NEWTON, NJ – From early Saturday morning through the conclusion of the day with a massive fireworks display at dark, Newton residents and those from around the area came out to celebrate the town on Saturday, June 13, at the annual Newton Day Festival.
The day started out cloudy, but the clouds broke around 10 a.m., with clear conditions and sunny to partly-sunny skies throughout the day, with seasonably pleasant temperatures.
“It’s a great day of the year when the town gets together to celebrate what it’s like to be a part of the Newton family,” said Thomas S. Russo, Jr. Newton’s Town Manager. “It’s a fun-filled day for everyone.”
The fun kicked off early with the Firehouse 5K Run/Walk, with over 200 runners and walkers taking off around the town in support of the Newton Fire Department. For full race results click here.
The top overall winner of the 5K was Chartt Miller from New Rochelle, NY, with a time of 15:31.2. Second place was Steven Ryan of Hamburg at 16:21.4. Ian Anderson of Fredon took third with a time of 18:31.8.
Top in the women’s group was Stephanie McNeely from Sussex, with a time of 22:36.6. McNeely placed number 11 in the overall race. Second place was Jessica Grimm of Branchville at 22:56.7, who placed 11 overall. In third was Alexandra Miller of Sparta at 23:25.5, who crossed the overall finish as the 18th runner.
The Newton Day Festival was in full swing between 11 a.m. until about 4:30 p.m. on Spring Street. The street was packed with activity and crowds. Vendors were along the streets with food, games, items for sale and demonstrations.
Local organizations and businesses also had a presence at the festival, some with information to share, others with things they were selling for fundraising. The Newton Public Schools and Newton Pride Foundation were among them. The Newton Robotics Team, Team Aperture, was there demonstrating their many innovations that they work on throughout the school year.
Christ Community Church, Living Waters Fellowship and Newton Presbyterian Church were some of the local churches that had booths at the event, with the Newton Presbyterian Church selling cotton candy, grilled items and snow cones to help raise money for the church’s roof repair.
The Greater Newton Chamber of Commerce (GNCC), the Town of Newton and the Newton Police Department were some of the organizations also with a presence at the festival, sharing information about the town. Newton Police, including Chief Michael Richards, handed out information about the programs that the police department offers, including Text-a-Tip and DARE.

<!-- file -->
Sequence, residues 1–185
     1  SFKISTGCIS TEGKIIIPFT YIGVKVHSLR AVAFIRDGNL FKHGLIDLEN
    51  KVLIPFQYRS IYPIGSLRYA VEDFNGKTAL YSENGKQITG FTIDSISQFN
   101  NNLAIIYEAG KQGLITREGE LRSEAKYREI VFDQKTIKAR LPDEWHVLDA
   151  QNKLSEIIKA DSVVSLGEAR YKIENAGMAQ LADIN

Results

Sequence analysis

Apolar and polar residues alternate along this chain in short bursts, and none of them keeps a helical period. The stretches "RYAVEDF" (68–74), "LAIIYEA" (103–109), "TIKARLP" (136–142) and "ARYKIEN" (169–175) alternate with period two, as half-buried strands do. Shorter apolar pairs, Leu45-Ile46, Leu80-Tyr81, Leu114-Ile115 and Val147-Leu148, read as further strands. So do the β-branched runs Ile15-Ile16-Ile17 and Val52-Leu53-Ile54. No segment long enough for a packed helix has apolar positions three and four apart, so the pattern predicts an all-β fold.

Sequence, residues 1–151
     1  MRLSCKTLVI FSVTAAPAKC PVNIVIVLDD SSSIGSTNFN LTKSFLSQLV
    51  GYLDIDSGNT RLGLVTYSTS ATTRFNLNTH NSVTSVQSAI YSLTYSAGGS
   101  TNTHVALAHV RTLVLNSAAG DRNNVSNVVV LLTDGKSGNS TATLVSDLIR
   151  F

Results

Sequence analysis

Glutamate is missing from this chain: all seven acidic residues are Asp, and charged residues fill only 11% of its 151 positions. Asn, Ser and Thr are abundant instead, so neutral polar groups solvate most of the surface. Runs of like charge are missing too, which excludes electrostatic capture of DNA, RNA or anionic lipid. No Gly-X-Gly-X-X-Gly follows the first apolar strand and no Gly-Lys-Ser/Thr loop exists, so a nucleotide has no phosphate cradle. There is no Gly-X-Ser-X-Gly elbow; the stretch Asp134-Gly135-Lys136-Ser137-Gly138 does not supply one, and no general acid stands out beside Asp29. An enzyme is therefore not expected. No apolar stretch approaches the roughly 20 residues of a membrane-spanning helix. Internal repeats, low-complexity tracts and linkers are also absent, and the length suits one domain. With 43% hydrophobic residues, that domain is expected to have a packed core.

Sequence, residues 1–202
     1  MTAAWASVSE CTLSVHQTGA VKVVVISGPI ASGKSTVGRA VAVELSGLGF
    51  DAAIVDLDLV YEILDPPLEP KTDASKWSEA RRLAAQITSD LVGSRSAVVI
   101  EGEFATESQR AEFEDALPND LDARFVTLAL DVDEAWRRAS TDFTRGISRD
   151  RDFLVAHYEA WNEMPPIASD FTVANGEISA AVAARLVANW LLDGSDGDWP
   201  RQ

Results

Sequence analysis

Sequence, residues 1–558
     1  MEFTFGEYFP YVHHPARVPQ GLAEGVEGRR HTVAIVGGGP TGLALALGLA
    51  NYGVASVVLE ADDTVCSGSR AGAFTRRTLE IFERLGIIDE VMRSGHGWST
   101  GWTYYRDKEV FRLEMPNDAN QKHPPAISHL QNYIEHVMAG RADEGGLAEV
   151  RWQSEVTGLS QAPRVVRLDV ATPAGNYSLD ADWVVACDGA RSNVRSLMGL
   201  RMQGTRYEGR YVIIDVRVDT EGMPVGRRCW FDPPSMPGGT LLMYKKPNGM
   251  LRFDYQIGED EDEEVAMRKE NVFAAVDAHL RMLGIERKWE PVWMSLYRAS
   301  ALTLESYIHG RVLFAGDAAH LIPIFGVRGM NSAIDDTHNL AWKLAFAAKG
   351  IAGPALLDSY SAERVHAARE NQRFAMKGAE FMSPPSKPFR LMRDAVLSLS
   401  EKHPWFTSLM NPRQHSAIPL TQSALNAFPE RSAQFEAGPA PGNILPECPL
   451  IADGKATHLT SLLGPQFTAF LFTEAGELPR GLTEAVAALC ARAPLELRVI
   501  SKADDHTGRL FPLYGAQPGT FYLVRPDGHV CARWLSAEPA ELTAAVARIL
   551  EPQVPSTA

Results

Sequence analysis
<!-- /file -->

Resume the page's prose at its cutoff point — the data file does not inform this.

The Newton Fire Museum had the vintage Mack engine out in its full glory sparkling under the sun on Spring Street. The Newton First Aid Squad did demonstrations and offered tours of its ambulance.
One of the highlights of the fundraising efforts at Newton Day was the presence of the Community Kids, an outreach through Newton’s Merriam Avenue School, with the group raising funds and collecting food for the local food banks. Participants could give $1 or a can of food for three chances to dunk local teachers, school administrators, police officers and Russo, who was challenged to sit in the dunk tank by Christ Community Church and Celebrate Recovery, with the church and celebrate recovery donating $500 towards the Community Kids’ effort to dunk Russo. The Town of Newton coordinated with the Community Kids to get the dunk tank and special t-shirts that some from the organization wore. Others who took the plunge in the dunk tank included from the school: Ms. Greene, Mr. Sandor, Mr. Zymet, Mr. Sucameli and Mrs. Keppler. Other participants were: Ian Keppler, Amanda Keppler and Newton Police Officer Kenny Teets.
Local shops enjoyed a steady stream of visitors, as did the local eateries. Some of the eateries like the Spring Street Pub & Grill had food for sale in front of their restaurant. In front of the Springboard Shoppes, The Table was set up to serve hot coffee and chilled beverages, including specialty drinks like smoothies and their Italian sodas in a range of flavors. The Table also had a variety of snacks for sale. Trinity Restaurant & Lounge had their doors open where diners could grab lunch while overlooking the festival.
Other treats to eat included: Cliff’s Ice Cream, a popcorn vendor, grilled items, lemonade and more.
There were other activities that took place on Spring Street and around the corner during the afternoon portion of the festival. Mad Science was one of the demonstrations, there was a martial arts demonstration as well. Rizzo’s Reptiles had some scaly friends who wowed the audience. There was also music by RC Mixers. Kids could enjoy a free ride on the carousel in the center of Spring Street. Kids could get their faces painted, play games and apply temporary tattoos. The local animal rescues, including OSCAR (One Step Closer Animal Rescue) had kittens, puppies and dogs seeking their forever homes that visitors could meet, greet and cuddle with.
A classic car show was a highlight up the street from the festival and in Newton’s square Civil War re-enactors held an encampment.
After 4:30 p.m. the festivities continued at Newton’s Memory Park, where attendees could enjoy more food, ice cream, vendors and old-fashioned family games and contests. There were antique tractor and wagon rides, demonstrations, and activities for the kids and inflatable bounce places for children to jump and expend their energies in. Fantasia was on the roster as live musical entertainment.
After dark, a massive fireworks display shot up into the skies over Memory Park, with the sound resonating and glow of the fireworks visible in many locations throughout the town.
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